The USAID’s programs in global health represent the commitment and determination of the US government to prevent suffering, save lives, and create a brighter future for families in the developing world.
Since its inception, USAID has worked in cooperation with U.S. and international partners to improve conditions for people around the world. While these partnerships have long been key to USAID's success, this strategy has never been more important than now. USAID is committed to an approach that recognizes and incorporates the efforts of partnership and private giving, focusing on grassroots support, local ownership, sustainability, accountability, and--not least--passion and commitment.
The United States gives more to those in crisis than any other country in the world. USAID is the U.S. Government agency that is responsible for directing these contributions to thousands of non-profit partners and international organizations. USAID ensures that all of this assistance is spent in the way that most effectively helps those who are in need.
Some parts of our work are best implemented by working through the Agency's key sectors to implement their goals in a coordinated fashion and to call attention to these issues in each programmatic area. At USAID, these are called cross-cutting programs, and include:
Initiatives: Provides fast, flexible, short-term
assistance to take advantage of windows of opportunity to
build democracy and peace. This program lays the foundations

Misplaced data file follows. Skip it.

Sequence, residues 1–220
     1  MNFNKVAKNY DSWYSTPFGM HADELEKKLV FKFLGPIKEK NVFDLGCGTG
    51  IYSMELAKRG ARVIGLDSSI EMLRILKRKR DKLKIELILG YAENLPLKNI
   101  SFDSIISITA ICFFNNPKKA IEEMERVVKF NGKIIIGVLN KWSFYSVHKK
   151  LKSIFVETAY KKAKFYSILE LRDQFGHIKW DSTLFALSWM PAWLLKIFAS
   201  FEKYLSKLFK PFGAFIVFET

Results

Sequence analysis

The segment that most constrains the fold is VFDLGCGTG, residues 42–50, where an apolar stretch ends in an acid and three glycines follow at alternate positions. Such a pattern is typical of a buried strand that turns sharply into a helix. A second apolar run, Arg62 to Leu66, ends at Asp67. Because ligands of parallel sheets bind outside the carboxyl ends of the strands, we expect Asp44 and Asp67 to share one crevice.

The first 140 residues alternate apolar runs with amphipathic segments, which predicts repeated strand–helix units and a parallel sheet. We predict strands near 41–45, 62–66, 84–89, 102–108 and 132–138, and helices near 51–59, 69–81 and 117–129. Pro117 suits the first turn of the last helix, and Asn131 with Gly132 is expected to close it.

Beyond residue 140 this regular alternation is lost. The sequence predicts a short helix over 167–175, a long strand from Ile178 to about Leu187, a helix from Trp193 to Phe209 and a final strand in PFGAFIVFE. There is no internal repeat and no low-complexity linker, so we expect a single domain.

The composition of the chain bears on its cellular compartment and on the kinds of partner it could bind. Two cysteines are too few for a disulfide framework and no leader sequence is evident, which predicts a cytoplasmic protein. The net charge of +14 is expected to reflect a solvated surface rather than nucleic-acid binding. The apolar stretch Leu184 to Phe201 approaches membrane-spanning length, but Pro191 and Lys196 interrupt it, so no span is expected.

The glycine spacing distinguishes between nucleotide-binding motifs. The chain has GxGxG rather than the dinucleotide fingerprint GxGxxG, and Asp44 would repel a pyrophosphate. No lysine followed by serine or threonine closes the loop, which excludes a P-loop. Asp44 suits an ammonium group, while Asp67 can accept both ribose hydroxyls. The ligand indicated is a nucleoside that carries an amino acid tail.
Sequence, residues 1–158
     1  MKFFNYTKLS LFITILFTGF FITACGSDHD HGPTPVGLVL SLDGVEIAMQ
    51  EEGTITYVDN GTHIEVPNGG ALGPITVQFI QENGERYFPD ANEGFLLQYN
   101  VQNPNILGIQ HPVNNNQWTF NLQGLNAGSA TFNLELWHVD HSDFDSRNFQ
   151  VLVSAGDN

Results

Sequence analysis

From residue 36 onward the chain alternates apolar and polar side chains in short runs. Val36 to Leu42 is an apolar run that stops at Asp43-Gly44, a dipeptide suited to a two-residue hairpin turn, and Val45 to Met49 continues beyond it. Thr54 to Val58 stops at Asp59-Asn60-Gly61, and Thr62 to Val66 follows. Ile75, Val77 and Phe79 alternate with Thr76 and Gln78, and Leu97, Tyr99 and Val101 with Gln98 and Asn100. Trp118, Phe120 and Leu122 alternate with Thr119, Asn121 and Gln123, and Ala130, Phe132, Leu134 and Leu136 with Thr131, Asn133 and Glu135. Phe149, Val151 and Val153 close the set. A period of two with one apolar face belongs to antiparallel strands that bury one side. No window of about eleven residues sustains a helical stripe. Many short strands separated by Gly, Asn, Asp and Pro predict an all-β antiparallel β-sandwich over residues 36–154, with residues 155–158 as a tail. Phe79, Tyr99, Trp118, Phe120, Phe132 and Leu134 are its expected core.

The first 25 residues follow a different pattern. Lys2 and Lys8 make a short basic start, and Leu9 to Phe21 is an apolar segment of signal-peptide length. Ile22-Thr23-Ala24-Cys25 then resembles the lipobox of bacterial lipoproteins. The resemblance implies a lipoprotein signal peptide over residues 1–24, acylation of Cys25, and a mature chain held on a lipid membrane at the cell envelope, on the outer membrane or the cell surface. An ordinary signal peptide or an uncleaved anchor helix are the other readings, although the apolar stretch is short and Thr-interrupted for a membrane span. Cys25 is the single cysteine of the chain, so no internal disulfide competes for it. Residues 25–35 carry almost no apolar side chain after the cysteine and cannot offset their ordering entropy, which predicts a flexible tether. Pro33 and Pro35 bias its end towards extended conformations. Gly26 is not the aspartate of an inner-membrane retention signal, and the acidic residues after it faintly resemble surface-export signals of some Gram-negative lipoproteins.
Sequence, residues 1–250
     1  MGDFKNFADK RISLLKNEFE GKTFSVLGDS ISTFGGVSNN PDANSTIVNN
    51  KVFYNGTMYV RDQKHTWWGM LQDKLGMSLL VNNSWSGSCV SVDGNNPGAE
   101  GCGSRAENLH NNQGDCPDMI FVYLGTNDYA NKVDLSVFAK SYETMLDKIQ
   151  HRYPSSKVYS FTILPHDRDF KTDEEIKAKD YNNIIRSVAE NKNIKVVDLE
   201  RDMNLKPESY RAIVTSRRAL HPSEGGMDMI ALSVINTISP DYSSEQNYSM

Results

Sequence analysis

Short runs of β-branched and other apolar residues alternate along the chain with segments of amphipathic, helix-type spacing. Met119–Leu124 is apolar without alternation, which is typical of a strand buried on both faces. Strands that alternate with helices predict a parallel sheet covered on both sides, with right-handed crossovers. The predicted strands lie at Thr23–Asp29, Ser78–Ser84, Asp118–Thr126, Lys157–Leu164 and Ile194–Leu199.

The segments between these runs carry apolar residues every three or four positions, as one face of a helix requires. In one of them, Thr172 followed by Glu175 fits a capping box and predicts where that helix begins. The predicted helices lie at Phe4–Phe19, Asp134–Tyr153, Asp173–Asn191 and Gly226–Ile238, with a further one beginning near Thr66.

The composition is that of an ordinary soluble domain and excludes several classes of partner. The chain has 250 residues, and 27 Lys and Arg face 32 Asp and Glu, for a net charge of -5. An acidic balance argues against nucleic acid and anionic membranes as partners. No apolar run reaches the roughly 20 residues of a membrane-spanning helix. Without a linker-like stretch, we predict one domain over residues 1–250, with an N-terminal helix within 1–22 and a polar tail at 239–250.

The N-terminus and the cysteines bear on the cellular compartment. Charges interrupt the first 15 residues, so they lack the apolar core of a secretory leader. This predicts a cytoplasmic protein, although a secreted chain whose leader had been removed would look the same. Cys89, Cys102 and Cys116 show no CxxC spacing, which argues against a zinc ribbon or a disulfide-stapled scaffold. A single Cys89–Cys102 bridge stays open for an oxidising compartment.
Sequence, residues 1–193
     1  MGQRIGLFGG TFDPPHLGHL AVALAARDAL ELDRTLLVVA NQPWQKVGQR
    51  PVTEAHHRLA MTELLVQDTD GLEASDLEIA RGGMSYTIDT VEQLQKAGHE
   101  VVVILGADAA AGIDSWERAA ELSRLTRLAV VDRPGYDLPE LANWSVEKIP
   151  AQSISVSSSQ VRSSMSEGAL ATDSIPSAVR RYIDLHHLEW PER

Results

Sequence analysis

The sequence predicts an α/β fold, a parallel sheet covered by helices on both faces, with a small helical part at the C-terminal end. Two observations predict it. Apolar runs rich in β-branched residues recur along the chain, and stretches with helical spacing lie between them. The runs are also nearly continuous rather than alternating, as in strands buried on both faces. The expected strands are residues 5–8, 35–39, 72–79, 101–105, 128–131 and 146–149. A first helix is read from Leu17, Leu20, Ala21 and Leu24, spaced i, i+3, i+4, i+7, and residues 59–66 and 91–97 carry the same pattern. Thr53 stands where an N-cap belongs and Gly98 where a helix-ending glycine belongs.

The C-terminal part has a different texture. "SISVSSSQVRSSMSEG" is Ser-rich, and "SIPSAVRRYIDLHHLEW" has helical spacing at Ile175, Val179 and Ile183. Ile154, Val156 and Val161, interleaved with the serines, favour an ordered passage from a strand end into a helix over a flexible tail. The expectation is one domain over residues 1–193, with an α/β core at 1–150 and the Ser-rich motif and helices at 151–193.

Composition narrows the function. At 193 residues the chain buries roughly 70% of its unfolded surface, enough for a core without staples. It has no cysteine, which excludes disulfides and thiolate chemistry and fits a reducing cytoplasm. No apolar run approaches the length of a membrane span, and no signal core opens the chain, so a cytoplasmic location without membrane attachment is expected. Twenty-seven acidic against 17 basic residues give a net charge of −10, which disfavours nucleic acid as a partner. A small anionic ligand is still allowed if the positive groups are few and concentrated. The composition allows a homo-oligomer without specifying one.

for long-term development by promoting reconciliation, jumpstarting
economies, and helping stable democracy take hold.
- Private and Voluntary Cooperation - USAID has forged critical ties with U.S. Private Voluntary Organizations committed to participating in development. It has used competitive grants and programs to help deliver essential services in underserved communities.
- Conflict Management - Violence, or the imminent threat of violence, can destabilize a society in ways that traditional USAID programs are often ill-prepared to identify and address. USAID is taking a lead role in designing development assistance programs that better address the causes and consequences of violent conflict.
- Urban Programs - Few developing cities are prepared for the consequences of rapid growth. USAID's urban programs improve the living conditions of the urban poor while protecting the well-being of future generations.
- Water - Every ecosystem, society, and individual on Earth depends on water. USAID has made the preservation and environmentally sound development of the world's water resources a top priority.
- Women In Development - The contributions that women make to the economic, social, and political lives of their nations, communities, families and the next generation make them key actors in effective development. USAID's approach to gender is to design programs that take both women's and men's participation into account.